Providers also reported concerns about interpreters embellishing or omitting patients’ comments. Many providers also doubted the accuracy of interpretation or felt interpreters tried to minimize patients’ symptoms. These concerns suggest that providers did not always trust that interpreters were executing their role appropriately. Previous literature indicates that trust between providers and interpreters is a key factor for effective communication, more so in mental health than in any other setting [23,34].
An effective strategy for building trust between providers and interpreters is through pre-session briefings and post-session debriefings. These practices can also avert other communication challenges. For example, pre-session briefings can familiarize interpreters with psychiatric jargon and standardized assessments to minimize technical difficulties, which constituted common challenges reported by interpreters in our study. Post-session briefings can address any secondary trauma experienced by interpreters, which was also reported by a substantial number of interpreters in our study. Other studies have also reported high rates of secondary trauma among mental health interpreters [36]. In the absence of post-session debriefings, interpreters are left to their own resources to manage the emotional impact of trauma as they often lack formal training on coping mechanisms [36].
Although pre-session briefings and post-session debriefings are highly recommended in the literature [26,27], both providers and interpreters reported infrequent use of these practices. We had hypothesized that endorsement and use of these practices would be higher among providers with higher levels of professional education, and greater professional experience. Providers with master’s or doctoral degrees were more likely to endorse these practices than those with bachelor’s degrees. Providers with master’s or doctoral degrees were also likely to engage in pre-session briefings more frequently, while those with more years of professional experience were likely to engage in post-session debriefings more frequently (trending toward significance). This finding suggests that providers learn to value and implement these practices through either advanced professional training or on-the-job experiences. Thus, it is imperative that these best practices be introduced in bachelor’s programs and/or in workplace orientations for entry-level providers. It is also important that employers create a workplace that is conducive to implementation of these practices by allowing adequate time for briefings and debriefings between appointments.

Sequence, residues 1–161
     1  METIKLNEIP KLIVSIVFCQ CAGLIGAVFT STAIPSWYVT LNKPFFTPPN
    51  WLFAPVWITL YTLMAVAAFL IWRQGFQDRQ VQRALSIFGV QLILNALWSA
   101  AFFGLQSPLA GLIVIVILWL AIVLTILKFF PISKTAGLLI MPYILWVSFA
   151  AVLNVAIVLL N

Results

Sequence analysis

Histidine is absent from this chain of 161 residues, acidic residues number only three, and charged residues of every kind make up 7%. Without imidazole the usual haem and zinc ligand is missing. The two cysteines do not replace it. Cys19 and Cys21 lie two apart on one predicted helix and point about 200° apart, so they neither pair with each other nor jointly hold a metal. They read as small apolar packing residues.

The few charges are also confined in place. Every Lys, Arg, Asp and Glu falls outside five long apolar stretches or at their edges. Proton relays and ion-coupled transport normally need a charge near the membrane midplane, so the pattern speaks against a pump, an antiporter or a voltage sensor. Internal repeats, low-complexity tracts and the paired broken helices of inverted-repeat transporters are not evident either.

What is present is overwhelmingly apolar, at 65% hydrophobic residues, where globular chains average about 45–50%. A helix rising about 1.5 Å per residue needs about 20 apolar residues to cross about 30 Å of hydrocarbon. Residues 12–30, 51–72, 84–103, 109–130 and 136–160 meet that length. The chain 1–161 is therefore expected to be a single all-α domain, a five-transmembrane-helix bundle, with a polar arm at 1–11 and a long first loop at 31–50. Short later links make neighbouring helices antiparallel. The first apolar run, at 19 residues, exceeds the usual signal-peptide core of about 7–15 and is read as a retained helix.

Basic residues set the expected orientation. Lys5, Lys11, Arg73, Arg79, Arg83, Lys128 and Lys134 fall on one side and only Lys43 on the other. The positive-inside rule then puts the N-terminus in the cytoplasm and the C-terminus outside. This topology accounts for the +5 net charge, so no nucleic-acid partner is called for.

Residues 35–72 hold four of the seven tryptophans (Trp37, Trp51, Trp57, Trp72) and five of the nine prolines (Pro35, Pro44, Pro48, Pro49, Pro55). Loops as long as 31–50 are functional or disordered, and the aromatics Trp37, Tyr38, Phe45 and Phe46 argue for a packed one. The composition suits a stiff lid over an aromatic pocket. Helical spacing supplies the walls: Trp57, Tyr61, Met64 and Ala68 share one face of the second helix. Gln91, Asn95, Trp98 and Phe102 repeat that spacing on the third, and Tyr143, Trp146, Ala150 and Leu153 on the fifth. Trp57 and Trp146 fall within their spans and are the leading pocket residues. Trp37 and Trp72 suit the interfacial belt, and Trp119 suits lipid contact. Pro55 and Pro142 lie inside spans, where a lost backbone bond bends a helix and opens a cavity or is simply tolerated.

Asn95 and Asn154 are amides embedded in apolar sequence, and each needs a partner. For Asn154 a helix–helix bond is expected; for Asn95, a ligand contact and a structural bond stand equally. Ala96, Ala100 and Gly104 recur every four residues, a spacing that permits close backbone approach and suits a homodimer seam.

We also hypothesized that use of pre-session briefings and post-session debriefings would be higher among providers who had prior training for working with LEP patients and interpreters. However, providers’ use of pre-session briefings and post-session debriefings was not associated with prior training. One reason for this could be that majority of providers who reported prior training had only received a minimal amount of training (<10 h). It is likely that short duration trainings do not adequately address these best practices.
Relatedly, 54% of the providers in our study were interested in receiving additional training. Preferred training topics corresponded to common challenges identified by providers. For example, providers expected interpreters to elucidate cultural details during encounters with LEP patients. Accordingly, a top training topic addressed understanding sociocultural norms that affect communication. Providers also expressed concerns about interpreters’ role boundaries. A corresponding training topic coveted by providers was learning how to negotiate different interpreter roles and related communication dynamics.